The Needless Symbolism Of Trump's Declaration

On Wednesday, Donald Trump insisted that his declaration that the United States recognizes Jerusalem as Israel’s capital was “nothing more or less than the recognition of reality,” given that Israel has made West Jerusalem the seat of its government since 1949. Downplaying warnings that the move might provoke widespread protests from Palestinians, Trump promised that “the specific boundaries of Israeli sovereignty” in Jerusalem “are subject to final status negotiations between the parties.” Hedged with these qualifications, the declaration is merely symbolic, much like George W. Bush’s letter to Ariel Sharon in April, 2004, which asserted how “unrealistic” it was to expect from Israel “a full return” to the 1967 borders. (Those borders were precisely what the Bush Administration defaulted to when, with Sharon gone, negotiations became serious in 2008.)

But symbols matter, especially when it comes to a city notorious for them. On Thursday, thousands of demonstrators rallied in the West Bank cities of Hebron and al-Bireh, chanting, “Jerusalem is the capital of the State of Palestine.” Protests erupted in Gaza, as well, and the leader of Hamas, Ismail Haniyeh, called for a new intifada, or uprising, by Palestinians in response to Trump’s announcement. By nightfall, at least thirty-one people had been wounded by Israeli gunfire, and the Times reported that the Israeli military was dispatching additional battalions to the West Bank and that “the Palestinian response appeared to be teetering between a limited wave of protests and a full-blown explosion of violence, as schools were closed, stores were shuttered and the public largely observed a general strike.” Multiple Palestinian factions called for a “day of rage” to coincide with Friday prayers.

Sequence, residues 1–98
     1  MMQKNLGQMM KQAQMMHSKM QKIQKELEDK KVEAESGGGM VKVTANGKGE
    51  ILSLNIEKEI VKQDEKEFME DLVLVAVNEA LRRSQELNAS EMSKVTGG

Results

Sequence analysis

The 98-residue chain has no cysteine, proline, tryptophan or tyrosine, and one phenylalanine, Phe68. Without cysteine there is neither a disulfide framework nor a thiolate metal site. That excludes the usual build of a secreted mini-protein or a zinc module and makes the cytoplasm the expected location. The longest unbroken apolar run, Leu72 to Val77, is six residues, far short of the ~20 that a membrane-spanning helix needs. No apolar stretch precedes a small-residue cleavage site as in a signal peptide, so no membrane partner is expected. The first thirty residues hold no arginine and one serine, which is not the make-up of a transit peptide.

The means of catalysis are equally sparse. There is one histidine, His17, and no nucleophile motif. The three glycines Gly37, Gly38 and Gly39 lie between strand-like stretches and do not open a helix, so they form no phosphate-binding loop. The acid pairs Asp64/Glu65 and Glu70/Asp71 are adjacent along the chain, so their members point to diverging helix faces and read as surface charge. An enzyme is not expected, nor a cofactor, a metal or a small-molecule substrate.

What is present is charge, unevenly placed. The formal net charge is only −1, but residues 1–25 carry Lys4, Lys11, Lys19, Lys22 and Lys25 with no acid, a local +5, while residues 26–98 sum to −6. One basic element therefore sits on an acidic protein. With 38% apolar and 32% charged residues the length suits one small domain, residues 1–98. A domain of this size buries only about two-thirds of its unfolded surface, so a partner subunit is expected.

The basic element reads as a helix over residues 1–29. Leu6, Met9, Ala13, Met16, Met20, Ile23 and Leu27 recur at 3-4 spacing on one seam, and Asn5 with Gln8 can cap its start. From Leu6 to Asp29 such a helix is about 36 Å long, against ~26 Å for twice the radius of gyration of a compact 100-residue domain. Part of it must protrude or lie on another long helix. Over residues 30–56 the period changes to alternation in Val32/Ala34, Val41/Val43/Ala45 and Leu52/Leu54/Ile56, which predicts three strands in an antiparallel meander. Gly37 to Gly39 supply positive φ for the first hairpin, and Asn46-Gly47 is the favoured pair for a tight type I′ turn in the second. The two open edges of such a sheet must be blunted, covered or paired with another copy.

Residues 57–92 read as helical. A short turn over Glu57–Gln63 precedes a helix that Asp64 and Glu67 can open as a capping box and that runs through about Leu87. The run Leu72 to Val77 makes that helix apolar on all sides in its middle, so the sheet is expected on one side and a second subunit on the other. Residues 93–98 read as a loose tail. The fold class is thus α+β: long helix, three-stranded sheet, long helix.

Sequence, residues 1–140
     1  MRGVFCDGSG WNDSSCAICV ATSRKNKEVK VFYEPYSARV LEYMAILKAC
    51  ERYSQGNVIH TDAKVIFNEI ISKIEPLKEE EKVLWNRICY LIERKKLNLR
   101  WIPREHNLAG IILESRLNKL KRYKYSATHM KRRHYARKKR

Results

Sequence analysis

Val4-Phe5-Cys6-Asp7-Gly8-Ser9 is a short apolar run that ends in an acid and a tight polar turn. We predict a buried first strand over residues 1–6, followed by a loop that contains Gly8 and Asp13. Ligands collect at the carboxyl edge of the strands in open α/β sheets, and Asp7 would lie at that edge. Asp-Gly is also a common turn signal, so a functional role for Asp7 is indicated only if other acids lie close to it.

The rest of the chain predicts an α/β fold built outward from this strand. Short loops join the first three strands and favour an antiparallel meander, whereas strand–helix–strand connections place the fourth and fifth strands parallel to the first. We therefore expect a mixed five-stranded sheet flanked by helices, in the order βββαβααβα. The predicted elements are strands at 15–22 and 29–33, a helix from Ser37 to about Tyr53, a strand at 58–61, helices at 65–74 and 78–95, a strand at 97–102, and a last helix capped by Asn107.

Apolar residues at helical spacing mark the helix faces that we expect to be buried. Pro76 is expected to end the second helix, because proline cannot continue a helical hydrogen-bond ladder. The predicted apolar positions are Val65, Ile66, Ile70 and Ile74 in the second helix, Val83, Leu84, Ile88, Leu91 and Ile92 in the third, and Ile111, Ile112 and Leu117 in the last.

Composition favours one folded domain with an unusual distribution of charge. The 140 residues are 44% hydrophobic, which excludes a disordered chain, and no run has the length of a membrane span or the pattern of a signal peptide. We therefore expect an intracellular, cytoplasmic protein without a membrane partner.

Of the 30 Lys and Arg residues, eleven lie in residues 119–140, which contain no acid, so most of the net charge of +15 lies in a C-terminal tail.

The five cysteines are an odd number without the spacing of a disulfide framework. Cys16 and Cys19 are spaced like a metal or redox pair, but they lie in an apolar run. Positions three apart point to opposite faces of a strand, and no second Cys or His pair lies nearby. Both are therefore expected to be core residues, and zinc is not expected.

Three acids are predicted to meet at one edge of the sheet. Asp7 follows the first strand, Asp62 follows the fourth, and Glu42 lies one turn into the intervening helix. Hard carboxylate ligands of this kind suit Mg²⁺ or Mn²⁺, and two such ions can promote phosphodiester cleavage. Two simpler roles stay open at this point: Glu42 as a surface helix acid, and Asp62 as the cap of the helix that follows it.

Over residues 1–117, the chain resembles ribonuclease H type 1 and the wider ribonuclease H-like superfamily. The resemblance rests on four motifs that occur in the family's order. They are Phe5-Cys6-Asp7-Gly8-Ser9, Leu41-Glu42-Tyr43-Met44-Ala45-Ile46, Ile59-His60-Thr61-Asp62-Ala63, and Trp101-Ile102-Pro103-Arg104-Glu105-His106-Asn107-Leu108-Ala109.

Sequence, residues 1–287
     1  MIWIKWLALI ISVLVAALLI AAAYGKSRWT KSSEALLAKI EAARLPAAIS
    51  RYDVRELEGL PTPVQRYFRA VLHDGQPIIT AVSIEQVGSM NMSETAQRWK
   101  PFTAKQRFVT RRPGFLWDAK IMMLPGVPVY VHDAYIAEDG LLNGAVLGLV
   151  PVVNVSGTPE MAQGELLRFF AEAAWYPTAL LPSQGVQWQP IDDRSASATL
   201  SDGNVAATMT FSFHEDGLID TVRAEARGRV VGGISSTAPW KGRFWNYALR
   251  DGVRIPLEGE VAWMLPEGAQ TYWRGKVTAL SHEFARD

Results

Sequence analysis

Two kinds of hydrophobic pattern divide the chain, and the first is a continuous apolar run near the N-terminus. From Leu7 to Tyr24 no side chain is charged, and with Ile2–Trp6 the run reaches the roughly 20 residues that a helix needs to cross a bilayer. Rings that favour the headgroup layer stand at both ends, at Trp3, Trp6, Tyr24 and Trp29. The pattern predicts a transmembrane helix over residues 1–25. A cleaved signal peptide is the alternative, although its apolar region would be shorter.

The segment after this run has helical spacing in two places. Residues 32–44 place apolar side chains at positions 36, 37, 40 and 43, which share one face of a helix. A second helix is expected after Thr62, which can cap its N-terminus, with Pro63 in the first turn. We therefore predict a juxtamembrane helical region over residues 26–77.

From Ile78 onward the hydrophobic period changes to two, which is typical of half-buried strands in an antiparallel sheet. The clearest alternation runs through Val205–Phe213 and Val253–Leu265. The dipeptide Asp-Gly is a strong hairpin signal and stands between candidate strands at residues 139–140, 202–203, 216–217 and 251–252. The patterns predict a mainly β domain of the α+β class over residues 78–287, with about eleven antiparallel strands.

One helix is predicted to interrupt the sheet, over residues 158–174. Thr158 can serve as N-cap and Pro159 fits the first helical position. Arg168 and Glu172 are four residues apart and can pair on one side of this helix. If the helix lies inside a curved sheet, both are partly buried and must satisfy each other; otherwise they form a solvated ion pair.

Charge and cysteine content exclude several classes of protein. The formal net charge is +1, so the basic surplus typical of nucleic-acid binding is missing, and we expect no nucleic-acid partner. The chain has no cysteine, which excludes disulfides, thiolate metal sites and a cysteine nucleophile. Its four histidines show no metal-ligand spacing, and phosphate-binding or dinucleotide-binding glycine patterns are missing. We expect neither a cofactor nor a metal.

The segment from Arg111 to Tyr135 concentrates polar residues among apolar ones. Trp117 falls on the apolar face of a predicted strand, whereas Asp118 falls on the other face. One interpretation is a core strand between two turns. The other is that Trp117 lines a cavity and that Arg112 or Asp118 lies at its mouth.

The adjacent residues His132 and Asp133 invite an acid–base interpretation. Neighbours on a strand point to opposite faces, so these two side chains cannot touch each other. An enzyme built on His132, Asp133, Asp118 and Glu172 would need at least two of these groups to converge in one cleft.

For most Palestinians, Trump’s declaration seemed like a symbol of old imperial fiat, an intention by the world’s superpower to hand the whole of Jerusalem to the Jewish people—a kind of Balfour Declaration for the city. Taken this way, as Robin Wright wrote, Trump’s action enraged Muslims throughout the region—especially in Jordan, whose King Abdullah has been most vocal in protest. Jerusalem always seems like the ground near a volcano; you never know when the great eruptions come, but you can almost feel the pressure building under your feet.

Read on at The New Yorker